Rissoles on Smashed Garden Peas with Lime
Äioli and a Crab and Shellfish Bisque
recipe comes from Chef Jim Fisher who now runs
cooking holidays in the Dordogne.
you would like to know more about Jim and how he gained
his love of cooking why not have a look at his biography
find out more about the cooking holidays in France at
Jim's cooking school in the Dordogne you will need to
visit his web site <click
a boy in the 60s and 70s I well remember being forced
to eat Birdseye salmon rissoles. Remember them? Thin
garish orange disks possessing all the taste and texture
of a chipboard ice hockey puck (and looking at the rissoles
to be found in many contemporary supermarket freezer
cabinets things don't seem to have changed much).
you, like me, fed up with this parlous state? Nothing
for it then but to make your own: always the best way
to find out how something should be done. My recipe
uses hake, but I know that it is difficult to find in
the UK as most of the hake from British waters goes
directly to Spain. Instead use cod, haddock, salmon,
trout, red mullet - anything bar the truly oily fish
such as mackerel and herring.
other addition that sets these apart is the use of a
really exceptional quality home-made crab and shellfish
reduction, but you could certainly use a tin of good
quality crab bisque, simmered to reduce and concentrate
by a third. It won't taste the same, but will still
work. Start collecting the crab and prawn shells days,
weeks - months - in advance and freeze them. Make the
reduction as soon as you have enough. Once you have
all the bits, the reduction will take half a day to
lime Äioli? Hmm, make your own from scratch - there's
really no alternative!
Crab and Prawn Reduction:
4 crab carcasses (basically, all the trimmings and
leftovers from various meals) including legs and claws)
2 litres prawn shells and heads
4 ripe tomatoes, roughly chopped
1 peeled and roughly chopped onion
the juice and thinly pared zest of an orange
4 anchovy fillets
1 litre quality home-made fish stock
1 tsp paprika
2 egg yolks
2 tsp. white wine vinegar
the finely grated zest and juice of a lime
good pinch of salt
150ml (5fl oz) extra virgin olive oil
150ml (5fl oz) vegetable oil, such as ground nut
500g (1 lb.) floury potatoes, peeled and cut into
4cm (2in) chunks
250g (½ lb.) raw skinless hake (no bones!)
2 shallots, peeled and very finely chopped
2 to 3 tbsp well-reduced fish stock
2 tbsp. finely chopped fresh parsley
sea salt and ground black pepper
2 eggs, beaten
fresh or dried breadcrumbs
½ lb. fresh (or frozen) garden peas
1 oz unsalted butter
sea salt and cracked black pepper
1 tbsp. roughly chopped mint leaves
Crab and Prawn Reduction:
the shellfish, along with all the other ingredients,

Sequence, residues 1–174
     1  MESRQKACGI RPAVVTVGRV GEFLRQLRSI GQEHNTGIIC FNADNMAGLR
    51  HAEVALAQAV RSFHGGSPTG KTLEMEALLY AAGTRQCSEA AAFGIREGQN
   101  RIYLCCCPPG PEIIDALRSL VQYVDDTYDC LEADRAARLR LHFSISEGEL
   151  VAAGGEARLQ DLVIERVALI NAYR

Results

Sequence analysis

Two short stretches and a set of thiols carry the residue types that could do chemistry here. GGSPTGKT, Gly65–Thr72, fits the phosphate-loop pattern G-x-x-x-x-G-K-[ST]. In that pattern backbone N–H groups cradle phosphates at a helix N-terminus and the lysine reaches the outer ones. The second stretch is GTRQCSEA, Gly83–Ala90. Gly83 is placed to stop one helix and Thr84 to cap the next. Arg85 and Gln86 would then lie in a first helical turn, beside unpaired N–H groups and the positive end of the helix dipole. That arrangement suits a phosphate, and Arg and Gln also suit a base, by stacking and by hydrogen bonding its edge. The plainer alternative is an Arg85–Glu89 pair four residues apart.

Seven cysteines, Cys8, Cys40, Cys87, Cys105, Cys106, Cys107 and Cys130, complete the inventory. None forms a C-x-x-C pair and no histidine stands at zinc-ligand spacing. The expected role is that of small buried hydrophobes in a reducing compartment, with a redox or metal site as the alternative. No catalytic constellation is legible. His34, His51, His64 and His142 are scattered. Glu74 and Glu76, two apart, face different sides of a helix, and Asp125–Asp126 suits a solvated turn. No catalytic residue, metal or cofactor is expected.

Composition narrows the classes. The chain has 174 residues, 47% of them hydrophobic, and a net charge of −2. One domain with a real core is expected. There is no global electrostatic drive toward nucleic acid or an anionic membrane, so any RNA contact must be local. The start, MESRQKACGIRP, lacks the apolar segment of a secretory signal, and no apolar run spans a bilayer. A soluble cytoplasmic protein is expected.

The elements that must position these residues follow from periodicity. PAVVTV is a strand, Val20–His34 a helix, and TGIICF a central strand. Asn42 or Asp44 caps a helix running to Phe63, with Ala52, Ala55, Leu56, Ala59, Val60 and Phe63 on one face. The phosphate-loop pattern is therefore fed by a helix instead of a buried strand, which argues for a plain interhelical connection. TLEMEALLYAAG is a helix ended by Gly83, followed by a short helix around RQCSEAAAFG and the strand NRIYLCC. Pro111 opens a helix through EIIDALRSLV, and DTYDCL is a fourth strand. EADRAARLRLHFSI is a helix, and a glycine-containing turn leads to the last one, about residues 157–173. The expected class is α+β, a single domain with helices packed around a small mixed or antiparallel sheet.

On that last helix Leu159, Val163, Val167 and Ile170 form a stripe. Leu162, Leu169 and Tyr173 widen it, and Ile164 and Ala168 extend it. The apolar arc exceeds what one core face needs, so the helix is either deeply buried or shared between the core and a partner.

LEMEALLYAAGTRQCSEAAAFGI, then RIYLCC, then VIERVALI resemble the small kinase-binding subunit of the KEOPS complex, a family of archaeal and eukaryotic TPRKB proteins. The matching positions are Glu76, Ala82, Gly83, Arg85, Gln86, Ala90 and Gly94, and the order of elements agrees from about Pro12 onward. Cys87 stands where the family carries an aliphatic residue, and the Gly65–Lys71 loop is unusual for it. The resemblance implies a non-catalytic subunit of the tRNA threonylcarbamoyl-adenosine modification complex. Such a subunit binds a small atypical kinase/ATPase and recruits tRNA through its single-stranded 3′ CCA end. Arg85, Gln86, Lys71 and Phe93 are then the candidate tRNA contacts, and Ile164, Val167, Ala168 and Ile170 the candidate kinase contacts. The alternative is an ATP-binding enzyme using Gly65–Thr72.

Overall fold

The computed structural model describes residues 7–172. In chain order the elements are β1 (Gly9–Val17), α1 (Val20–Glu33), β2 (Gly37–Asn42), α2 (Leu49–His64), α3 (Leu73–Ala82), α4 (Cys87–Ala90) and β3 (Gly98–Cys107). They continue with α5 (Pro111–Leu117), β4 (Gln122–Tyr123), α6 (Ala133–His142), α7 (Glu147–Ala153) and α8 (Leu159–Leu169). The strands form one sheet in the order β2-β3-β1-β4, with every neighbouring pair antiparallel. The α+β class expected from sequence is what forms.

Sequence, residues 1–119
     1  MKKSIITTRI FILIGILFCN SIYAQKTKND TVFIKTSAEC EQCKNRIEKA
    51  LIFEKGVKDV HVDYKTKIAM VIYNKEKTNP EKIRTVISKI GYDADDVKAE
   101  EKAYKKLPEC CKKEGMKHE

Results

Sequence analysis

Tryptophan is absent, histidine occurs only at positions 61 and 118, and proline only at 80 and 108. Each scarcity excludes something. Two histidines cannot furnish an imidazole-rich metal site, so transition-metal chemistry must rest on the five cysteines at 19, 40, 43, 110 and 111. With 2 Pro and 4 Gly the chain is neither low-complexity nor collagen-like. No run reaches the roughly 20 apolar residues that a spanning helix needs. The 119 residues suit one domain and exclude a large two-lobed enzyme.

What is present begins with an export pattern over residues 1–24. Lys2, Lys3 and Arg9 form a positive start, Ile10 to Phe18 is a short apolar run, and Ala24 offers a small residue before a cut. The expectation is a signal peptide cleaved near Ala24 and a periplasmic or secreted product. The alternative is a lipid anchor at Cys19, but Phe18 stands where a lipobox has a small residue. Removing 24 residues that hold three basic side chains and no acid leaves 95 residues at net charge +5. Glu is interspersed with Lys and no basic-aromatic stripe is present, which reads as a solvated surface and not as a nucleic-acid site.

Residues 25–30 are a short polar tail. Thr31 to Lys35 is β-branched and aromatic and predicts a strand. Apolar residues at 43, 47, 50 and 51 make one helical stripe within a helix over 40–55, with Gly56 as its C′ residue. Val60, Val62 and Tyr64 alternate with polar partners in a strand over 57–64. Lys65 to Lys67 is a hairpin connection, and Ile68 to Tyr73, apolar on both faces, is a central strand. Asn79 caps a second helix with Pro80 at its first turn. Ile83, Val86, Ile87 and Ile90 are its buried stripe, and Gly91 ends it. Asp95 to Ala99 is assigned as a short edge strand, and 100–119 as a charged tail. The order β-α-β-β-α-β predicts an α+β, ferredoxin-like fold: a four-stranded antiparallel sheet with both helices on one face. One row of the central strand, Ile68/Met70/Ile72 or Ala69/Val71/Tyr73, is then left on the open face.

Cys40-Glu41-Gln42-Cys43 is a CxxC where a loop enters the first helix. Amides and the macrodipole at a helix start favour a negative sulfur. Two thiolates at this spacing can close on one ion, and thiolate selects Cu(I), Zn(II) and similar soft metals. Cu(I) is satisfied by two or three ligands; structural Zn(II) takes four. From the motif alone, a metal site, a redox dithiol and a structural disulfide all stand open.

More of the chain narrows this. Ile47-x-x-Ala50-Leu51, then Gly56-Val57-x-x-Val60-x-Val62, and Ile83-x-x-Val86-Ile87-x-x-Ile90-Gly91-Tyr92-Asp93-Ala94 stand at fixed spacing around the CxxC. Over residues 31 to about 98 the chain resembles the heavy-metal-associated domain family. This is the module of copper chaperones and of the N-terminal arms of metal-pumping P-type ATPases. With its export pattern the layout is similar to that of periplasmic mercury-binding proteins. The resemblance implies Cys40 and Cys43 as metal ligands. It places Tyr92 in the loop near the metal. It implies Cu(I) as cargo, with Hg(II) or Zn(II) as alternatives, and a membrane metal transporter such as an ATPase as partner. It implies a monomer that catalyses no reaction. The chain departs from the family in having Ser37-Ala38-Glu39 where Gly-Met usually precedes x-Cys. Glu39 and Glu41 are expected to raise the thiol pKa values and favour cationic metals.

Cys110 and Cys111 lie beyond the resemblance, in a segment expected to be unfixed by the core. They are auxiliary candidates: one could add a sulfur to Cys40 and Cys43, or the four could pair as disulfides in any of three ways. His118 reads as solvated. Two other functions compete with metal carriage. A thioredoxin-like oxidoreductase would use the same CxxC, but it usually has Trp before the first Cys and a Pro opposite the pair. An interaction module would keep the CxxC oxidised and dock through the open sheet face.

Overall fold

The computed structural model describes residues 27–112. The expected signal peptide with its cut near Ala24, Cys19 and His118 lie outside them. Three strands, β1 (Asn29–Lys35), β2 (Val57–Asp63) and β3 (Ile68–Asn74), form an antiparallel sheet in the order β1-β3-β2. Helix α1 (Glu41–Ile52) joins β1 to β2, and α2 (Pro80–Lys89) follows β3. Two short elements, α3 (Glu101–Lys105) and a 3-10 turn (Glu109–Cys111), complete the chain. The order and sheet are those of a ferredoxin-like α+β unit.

into a large saucepan, add the fish stock and top
up with water. Bring to a boil, then simmer until
reduced by half.
through a sieve, then return to a strong simmer until
reduced to about 500ml.
and freeze, or clingfilm and place in the fridge until
ready to use.
the two oils in a jug with a good pouring spout.
the egg yolks, vinegar (or lemon juice, if using)
and salt in a roomy stable bowl. Using an electric
hand whisk - or a balloon whisk, if you need to loose
some weight - combine the ingredients, then, literally
drop by drop, add the oil while the whisk is operating
at high speed. Carry on like this until about half
the oil has been used up and the mixture has taken
on a thick, slightly wobbly emulsified texture.
this point, you can start adding the oil a little
faster, initially dribble by dribble, then, as long
as the emulsion hasn't started to split, pour the
rest of the oil in a thin steady stream untill the
mayonnaise has become stiff and glossy, and quivers
when you shake the bowl.
the hake into 1cm (1/2in) cubes.
with the shallot, fish stock, parsley, half a teaspoon
of sea salt and a pinch of ground black pepper.
lightly oiled hands, form the mixture into four burger-size
shapes, then roll each first in the egg, then in the
breadcrumbs until well coated.
them in the fridge to firm up.
the peas for a minute or so only, drain, return to
the pan and melt in the butter.
in the mint, then slightly crush the peas with a fork,
but don't go too mad.
with salt and ground black pepper.
1cm (½ in) olive oil and 75g (3oz) unsalted
butter in a large frying pan until beginning to sizzle.
the rissoles and fry over a medium high heat for about
five minutes, or until golden.
then continue to fry for another five minutes, again
to a plate lined with lots of kitchen paper.
the shellfish reduction and the peas.
a mound of peas in the centre of four warmed serving
plates and pour some reduction around.
a rissole on top of the peas, then add a dollop of
lime Aioli on top of the rissole.